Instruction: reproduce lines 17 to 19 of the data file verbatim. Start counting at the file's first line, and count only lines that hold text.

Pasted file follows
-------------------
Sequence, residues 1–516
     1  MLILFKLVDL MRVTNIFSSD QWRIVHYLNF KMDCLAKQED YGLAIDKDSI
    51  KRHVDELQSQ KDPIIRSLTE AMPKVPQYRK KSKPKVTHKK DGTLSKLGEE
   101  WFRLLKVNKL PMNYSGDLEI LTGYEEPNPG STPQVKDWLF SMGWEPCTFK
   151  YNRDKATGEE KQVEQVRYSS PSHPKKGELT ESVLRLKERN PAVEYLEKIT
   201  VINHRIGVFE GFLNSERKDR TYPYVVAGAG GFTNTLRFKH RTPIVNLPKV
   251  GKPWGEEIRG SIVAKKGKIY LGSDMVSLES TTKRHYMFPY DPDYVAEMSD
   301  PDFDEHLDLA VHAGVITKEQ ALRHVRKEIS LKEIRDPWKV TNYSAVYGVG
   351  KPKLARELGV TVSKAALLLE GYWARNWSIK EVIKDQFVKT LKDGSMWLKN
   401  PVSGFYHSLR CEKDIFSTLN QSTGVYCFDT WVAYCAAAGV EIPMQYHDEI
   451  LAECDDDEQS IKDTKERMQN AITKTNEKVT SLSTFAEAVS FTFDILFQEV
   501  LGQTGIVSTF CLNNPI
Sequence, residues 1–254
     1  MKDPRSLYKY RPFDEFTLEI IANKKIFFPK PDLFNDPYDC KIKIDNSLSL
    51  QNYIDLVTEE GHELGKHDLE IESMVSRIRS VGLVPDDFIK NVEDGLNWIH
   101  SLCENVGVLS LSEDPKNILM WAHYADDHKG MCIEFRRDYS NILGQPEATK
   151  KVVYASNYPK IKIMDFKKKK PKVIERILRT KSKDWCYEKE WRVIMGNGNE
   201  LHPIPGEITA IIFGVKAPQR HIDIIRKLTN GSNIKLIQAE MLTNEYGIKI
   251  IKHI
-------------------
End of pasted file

   151  KVVYASNYPK IKIMDFKKKK PKVIERILRT KSKDWCYEKE WRVIMGNGNE
   201  LHPIPGEITA IIFGVKAPQR HIDIIRKLTN GSNIKLIQAE MLTNEYGIKI
   251  IKHI